They gather each week in a nearby Episcopal Church for the contemporary style liturgies they favor, importing priests from nearby college campuses or other nonparochial sources. Although they claim to be members of Good Shepherd and live within the parish boundaries, Creedon's predecessor, the Rev. Frank Mahler, knocked many of them off the parish rolls for failure to make financial contributions.

This week the GSCSR's telephone tree, a highly effective communication system left over from the Quinlan days, is advising members that there will be no mass of their own, urging them instead to go back to Good Shepherd on Sunday and join in the welcome for Creedon.

At the same time, though, GSCSR is going ahead with its scheduled election of officers for next year.

"There's a great deal of optimism about getting things back together the way we would want them to be," explained Frank Hall, one of the GSCSR leaders. "But we are not dropping everything and going back to Good Shepherd."

Creedon, who is still unpacking the boxes he moved into Good Shepherd's rectory on Monday, said, "My plan is to listen to the people and learn, to identify what the concerns of the community are, to negotiate, and to reconcile."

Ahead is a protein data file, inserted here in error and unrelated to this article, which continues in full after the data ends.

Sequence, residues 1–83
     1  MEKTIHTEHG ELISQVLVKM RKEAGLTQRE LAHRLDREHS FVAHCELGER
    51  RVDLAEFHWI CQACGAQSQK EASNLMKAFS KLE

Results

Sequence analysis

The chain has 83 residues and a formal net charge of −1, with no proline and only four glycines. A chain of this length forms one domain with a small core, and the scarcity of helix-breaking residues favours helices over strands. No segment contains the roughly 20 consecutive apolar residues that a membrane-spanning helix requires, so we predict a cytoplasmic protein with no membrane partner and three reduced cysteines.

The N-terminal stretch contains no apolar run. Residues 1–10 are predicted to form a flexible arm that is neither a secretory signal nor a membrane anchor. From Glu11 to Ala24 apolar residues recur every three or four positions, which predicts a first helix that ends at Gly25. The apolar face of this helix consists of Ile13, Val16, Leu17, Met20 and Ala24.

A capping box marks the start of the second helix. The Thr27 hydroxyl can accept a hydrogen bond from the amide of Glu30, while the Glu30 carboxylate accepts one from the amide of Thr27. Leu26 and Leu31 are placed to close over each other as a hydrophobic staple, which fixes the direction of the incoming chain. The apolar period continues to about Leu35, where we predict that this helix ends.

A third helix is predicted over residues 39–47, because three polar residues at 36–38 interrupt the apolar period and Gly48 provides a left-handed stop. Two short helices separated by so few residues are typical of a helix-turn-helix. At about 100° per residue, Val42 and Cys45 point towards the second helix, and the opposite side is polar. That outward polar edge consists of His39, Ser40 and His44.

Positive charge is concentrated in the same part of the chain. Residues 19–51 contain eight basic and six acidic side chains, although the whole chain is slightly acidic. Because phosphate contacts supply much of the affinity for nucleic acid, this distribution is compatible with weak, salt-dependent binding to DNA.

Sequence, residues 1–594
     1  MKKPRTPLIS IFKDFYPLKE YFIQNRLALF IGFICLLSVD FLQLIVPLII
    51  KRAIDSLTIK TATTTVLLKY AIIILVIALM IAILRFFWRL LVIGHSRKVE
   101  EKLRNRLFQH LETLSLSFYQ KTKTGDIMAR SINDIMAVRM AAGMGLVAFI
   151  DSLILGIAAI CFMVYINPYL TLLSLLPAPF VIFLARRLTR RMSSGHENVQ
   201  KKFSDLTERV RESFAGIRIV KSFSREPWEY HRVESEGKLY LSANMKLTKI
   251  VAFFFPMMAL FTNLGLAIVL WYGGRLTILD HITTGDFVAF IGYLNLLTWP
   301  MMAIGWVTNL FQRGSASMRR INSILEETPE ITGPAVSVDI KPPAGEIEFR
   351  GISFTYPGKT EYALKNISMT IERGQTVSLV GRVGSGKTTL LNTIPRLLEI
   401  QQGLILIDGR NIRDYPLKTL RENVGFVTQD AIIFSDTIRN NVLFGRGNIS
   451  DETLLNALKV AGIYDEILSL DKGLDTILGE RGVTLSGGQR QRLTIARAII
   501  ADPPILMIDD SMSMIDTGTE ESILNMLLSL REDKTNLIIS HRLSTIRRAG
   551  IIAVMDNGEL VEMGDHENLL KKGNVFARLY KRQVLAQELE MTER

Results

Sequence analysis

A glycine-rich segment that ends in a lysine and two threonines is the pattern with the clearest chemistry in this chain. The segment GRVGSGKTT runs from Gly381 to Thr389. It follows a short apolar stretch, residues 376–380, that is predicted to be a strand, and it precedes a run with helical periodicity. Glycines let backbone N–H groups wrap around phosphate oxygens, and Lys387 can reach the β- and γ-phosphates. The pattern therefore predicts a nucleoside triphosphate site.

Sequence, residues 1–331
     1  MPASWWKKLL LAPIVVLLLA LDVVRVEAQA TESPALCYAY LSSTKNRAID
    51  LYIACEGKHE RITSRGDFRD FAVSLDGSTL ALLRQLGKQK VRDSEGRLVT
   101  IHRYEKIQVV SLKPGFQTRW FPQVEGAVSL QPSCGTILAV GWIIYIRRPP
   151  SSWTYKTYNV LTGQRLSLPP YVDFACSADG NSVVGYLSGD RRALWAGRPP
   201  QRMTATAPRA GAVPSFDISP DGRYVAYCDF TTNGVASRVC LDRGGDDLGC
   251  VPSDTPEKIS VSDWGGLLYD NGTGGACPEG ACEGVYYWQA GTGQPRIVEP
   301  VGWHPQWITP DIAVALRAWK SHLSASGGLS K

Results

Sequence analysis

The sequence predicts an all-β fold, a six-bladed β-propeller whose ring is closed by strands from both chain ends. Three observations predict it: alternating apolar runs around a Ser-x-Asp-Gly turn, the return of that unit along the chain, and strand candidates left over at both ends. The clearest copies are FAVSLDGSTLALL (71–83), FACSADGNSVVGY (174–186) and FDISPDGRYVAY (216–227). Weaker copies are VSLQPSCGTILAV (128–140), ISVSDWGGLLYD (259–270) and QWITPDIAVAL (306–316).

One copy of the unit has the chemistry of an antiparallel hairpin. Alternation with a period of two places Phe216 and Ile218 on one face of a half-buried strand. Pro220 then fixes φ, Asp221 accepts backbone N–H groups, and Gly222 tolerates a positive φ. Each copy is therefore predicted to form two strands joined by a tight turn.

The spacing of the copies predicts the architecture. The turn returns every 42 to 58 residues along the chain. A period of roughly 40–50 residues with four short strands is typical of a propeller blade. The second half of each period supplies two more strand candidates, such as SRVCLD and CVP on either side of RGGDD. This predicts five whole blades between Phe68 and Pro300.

The soft-spoken priest is well aware that he is the fifth pastor to serve the parish in five years. Before his first week on the job is up he will have held separate meetings with both the present lay representatives of the parish and leaders of GSCSR.

The latter are also well aware that there is animosity against them on the part of some members who stayed with the parish these last five years.

"There are feelings on the ot her side as well," Hall acknowledged. "We need to work it out, not just come walking back in there." But at the same time, he said, "it all seems to be looking up."

For his part, Creedon reported numerous rectory-warming gifts to welcome his arrival - food, flowers "even a bottle of Asti Spumonti." That, he feels, is a good sign.